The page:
vrijdag 16 maart 2012

Hoe je verkozen in de Palestijnse verkiezingen


Helaas wordt je populariteit onder Palestijnen voor een groot deel bepaald door hoe actief je tegen Israel bent, hoe lang je in een Israelische gevangenis hebt gezeten en hoeveel Joden je hebt gedood. Ook in Israel wordt je populariteit bepaald door hoelang je in het leger hebt gezeten, en vooral je heldenrol in een van de oorlogen, zullen sommigen nu zeggen en dat klopt, al wordt je populariteit in Israel door wel meer dan dat alleen bepaald. Maar in Israel hangt het af van hoe goed je je land hebt gediend en niet hoeveel Palestijnen je hebt gedood. De soldaten die het Iron Dome raketafweer systeem bedienen zijn bijvoorbeeld helden voor veel Israeli’s, maar zij zijn puur defensief bezig. Hoe dan ook, de Palestijnen hebben bijna uitsluitend terroristen als helden, en niet mensen die op allerlei manieren iets voor de Palestijnse cultuur en samenleving hebben betekend. Het is deze negatieve houding en het zichzelf definieren als vijand van Israel, dat een groot obstakel tot vrede vormt.





How to Get Elected in the Palestinian Territories


by Ibrahim Sayyed
March 15, 2012 at 5:00 am

In our Palestinian culture, it is much more important if one "graduates" from an Israeli prison than from the most prestigious university in the world.

It is not clear at this stage when and if new presidential and parliamentary elections will ever be held in the Palestinian territories: The two major Palestinian parties, Fatah and Hamas, have yet to end their power struggle and agree on the formation of a Palestinian unity government that would pave the way for long overdue elections.

But if anyone is hoping that the elections will see the rise of moderate and charismatic leaders to power, then he is living in an illusion. In our Palestinian culture, it is more important if one "graduates" from an Israeli prison than from the most prestigious university in the world.

In our society, people like Prime Minister Salam Fayyad do not get many votes because they did not spend time in an Israeli prison. Fayyad's chances of winning would be higher if he had killed a Jew or sent his son to carry out a suicide bombing in Israel.

The number of years one spends in Israeli prison can even be a major factor in getting a job or a military rank in the Palestinian Authority. Many of the Palestinian "colonels" and "generals" earned their ranks not by attending military academies, but by spending years in Israeli prison for their involvement in violence.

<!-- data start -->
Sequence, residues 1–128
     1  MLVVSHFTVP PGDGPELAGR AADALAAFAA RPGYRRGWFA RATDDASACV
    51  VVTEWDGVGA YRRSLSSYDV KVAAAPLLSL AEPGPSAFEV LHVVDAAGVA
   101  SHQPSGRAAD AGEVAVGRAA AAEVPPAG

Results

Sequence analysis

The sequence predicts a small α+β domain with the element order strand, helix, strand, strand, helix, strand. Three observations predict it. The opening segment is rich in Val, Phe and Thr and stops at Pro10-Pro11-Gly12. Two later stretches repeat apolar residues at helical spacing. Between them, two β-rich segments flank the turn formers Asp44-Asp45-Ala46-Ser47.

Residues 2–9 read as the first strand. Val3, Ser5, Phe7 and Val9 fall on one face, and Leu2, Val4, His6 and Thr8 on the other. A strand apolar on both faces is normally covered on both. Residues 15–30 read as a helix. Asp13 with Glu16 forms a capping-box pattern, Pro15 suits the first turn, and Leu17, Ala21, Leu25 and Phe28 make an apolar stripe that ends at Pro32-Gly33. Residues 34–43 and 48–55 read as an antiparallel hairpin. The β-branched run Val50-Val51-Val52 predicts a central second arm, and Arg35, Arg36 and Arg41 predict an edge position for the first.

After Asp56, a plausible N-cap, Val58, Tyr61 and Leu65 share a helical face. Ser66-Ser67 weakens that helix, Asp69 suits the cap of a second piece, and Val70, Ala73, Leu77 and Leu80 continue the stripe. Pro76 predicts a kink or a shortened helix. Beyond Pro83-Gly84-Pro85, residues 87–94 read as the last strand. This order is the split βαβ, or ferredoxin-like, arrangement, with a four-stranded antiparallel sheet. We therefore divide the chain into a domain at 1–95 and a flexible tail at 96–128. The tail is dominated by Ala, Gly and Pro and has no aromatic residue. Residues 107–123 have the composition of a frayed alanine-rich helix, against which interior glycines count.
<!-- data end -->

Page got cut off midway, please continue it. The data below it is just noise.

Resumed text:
PLO Chirman Yasser Arafat would choose his security chiefs and top aide according to the number of years they had spent in prison or the number of Israelis they had killed. "You spent 20 years in prison? Then you get the rank of colonel!" Arafat would say. "You carried out an attack in which three Jews were killed? You are a general!"

Jibril Rajoub and Mohammed Dahlan, the two former security chiefs who served under Arafat, were appointed thanks to their having spent time in Israeli prison, not because of their qualifications, and the reason some Palestinians have begun talking about jailed Fatah leader Marwan Barghouti -- who is serving five life sentences for his role in shooting attacks that killed a number of Israelis during the Second Intifada -- as the leading candidate to succeed Mahmoud Abbas.

Marwan Barghouti is therefore widely respected by Palestinians because of his role in the "Revolution."

A man like Fayyad, who studied in Texas and did not spend one day in an Israeli prison, stands no chance at the ballot box against people like Barghouti -- the by-product of what happens when the Palestinian Authority leadership praises prisoners and terrorists as heroes.

The Palestinian prisoners who were released in the Gilad Schalit prisoner agreement last October have already been offered thousands of dollars as well as apartments by both Palestinian governments: the one in the West Bank and the one in the Gaza Strip.

And it should not come as a surprise if some of these ex-prisoners, many of whom have Jewish blood on their hands, will be enthusiastically elected in the next round of Palestinian elections.

The Palestinians have raised an entire generation of glorification of suicide bombers and terrorists -- the direct result of decades of incitement and indoctrination, to which Palestinians are exposed at a very early age.

Under such circumstances, is it even a good idea at all to hold new elections in the Palestinian territories?


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